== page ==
Dr Derek Clarke
Surveys and Mapping Department of Rural Development and Land Reform
As a boy Scout, I developed immense interest in maps. I was born and brought up in South Africa but spent a large part of my childhood in Swaziland. My interest in maps took me to surveying eventually. I did my Bachelor of Science in Surveying from the University of Natal in Durban and registered myself as a professional land surveyor in 1979. In the 30 years of my service, I was fortunate to have worked in a variety of challenging environs that gave me a lot of opportunities in production, research, planning and problem solving. Initially, I had good exposure in photogrammetry, remote sensing and cartography but not much in GIS. I got myself involved in a digital mapping project in 1982 and that’s when my interest in GIS developed. This led to the initiation of the National Exchange for Geo-referenced Information Standard Project in 1985. There were several constraints in terms of the inability to exchange data due to lack of standards and limitations of proprietary systems. We realised not all organisations are using the same language. So, it took lot of efforts to educate the people. Though we completed the project in 1986-87, the project didn’t match our expectations when it came to the implementation of it owing to proprietary software being used. Several leading GIS software companies competed with each other to capture the market share. I agree competition is there even today, but they tend to listen to users and are quite adaptable.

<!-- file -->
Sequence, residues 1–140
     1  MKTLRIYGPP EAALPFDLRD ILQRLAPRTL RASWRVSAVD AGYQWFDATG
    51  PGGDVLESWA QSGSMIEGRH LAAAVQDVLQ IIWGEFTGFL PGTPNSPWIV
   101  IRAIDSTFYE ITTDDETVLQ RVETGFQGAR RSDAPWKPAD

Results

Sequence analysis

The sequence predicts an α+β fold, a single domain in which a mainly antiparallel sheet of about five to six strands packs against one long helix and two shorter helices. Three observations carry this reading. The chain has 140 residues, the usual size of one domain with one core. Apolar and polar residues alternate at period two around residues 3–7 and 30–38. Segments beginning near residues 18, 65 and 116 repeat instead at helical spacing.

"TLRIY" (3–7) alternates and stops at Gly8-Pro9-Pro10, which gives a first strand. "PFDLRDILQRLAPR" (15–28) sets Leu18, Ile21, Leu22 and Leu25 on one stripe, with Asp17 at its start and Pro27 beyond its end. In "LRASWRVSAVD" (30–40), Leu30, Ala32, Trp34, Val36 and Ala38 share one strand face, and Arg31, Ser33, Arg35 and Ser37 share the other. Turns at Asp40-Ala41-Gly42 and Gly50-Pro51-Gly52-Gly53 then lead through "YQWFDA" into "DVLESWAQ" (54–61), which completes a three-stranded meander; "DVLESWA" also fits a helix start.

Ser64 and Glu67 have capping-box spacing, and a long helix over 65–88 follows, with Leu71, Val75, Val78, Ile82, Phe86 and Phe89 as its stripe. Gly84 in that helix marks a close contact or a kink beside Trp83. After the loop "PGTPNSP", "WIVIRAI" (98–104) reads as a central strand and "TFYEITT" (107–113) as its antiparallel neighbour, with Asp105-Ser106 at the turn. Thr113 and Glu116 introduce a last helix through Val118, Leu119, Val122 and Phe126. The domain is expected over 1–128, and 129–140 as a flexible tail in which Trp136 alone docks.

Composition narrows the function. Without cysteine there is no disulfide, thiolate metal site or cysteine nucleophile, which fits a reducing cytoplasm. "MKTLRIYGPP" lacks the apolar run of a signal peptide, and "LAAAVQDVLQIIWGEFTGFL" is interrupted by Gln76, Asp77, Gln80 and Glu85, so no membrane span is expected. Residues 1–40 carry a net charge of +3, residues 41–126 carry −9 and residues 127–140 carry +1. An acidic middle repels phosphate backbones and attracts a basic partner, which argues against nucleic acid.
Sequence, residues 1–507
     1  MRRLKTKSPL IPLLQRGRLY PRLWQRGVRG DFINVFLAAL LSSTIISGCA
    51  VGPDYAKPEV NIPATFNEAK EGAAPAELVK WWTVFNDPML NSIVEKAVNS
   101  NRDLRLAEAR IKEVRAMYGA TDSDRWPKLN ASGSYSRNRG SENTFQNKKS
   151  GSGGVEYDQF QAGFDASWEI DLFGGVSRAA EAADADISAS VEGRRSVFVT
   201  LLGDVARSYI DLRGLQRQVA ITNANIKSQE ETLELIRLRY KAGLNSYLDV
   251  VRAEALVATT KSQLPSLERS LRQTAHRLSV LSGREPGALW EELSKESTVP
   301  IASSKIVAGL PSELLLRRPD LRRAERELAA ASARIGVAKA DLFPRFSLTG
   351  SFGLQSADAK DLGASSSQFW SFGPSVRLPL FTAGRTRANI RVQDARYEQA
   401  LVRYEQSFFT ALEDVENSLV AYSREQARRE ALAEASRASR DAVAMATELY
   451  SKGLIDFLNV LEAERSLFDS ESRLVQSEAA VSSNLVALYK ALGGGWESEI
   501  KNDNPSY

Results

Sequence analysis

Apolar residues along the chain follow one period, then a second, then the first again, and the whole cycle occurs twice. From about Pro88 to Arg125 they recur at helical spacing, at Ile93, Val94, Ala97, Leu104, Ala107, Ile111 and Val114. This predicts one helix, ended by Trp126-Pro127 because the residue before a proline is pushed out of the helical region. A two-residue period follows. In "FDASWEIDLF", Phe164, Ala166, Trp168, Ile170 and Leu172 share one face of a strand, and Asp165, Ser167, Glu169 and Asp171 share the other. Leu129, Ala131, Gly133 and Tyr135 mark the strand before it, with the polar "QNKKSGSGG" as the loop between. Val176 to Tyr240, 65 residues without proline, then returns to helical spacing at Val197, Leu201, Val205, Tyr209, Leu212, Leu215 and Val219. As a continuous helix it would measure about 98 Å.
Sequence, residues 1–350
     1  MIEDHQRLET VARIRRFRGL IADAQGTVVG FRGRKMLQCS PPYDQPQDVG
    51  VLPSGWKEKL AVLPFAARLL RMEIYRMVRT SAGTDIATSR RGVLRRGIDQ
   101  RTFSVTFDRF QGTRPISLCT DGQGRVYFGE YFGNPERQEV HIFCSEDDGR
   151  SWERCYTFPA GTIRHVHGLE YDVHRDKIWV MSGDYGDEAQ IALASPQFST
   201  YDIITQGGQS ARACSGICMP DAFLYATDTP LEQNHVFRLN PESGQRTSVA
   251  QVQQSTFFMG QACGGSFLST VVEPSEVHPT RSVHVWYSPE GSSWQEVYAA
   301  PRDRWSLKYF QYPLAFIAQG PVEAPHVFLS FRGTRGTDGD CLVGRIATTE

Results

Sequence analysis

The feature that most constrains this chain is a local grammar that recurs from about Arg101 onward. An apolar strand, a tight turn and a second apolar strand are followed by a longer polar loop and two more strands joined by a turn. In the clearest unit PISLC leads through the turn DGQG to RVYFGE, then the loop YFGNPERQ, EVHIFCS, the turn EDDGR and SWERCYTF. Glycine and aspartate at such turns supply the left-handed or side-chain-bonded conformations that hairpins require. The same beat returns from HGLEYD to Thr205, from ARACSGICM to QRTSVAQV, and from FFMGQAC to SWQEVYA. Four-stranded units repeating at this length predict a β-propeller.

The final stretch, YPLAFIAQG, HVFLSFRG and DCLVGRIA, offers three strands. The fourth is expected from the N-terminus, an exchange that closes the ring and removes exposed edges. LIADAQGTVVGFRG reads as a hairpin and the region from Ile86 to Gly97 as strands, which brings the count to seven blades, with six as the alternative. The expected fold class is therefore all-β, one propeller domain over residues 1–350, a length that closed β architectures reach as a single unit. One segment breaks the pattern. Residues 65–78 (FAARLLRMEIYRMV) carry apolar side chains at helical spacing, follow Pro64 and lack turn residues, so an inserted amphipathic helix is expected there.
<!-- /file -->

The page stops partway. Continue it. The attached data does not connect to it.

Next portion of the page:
In 1989, South Africa initiated its efforts to build the national land information system (NLIS), a forerunner to national SDI. I was chosen to drive the programme. The main objective of the programme was to improve on the existing standards, try and coordinate the happenings in the public sector so that duplication is minimised, to encourage government departments to be custodians of their datasets, make them accept their responsibility of sharing. In 1997, it was decided to restructure the NLIS into the National Spatial Data Infrastructure to be aligned with international trends. In 1993, I was promoted to the director of mapping and in 1997 to the Chief Director of Surveys and Mapping (head of the national geodetic surveying and mapping organisation). My new role is more of managerial and programme management rather than production. During that time, I did masters degree in public administration in 1995 and achieved my Ph.D in 2007.
Teaching to fish
In 1997, we structured the national SDI. There after, the department started a new component and unfortunately since then I have not had direct responsibility for South Africa’s national SDI. But I hope that this situation will change in the near future. My organisation has been one of the major data custodians – geospatial data creators and maintainers. Obviously we all have a great role to play in the national SDI. In early 2000, the approach then was to encourage people to participate, collaborate and cooperate. This wasn’t working. In late 2004, a new legislation for the national SDI was drafted, which created a 40- agency coordinating body to look into the issues of policy, to ensure that duplication is minimised, standards are set and maintained and very importantly to try and create metadata.
Ultimately, SDIs need to be taken to the community level. It should be made participatory. If we don’t look at these societal issues, it would be too inward looking, alienating the people, to whom we are supposed to cater to. It is important to involve them as well. You know the old Chinese proverb – give a man a fish and you feed him for a day, teach a man to fish and you feed him for life. That is the situation we have today. As people, as a country, we have to learn. There are people to take us to a particular level but after that you have to empower yourself to grow on your own.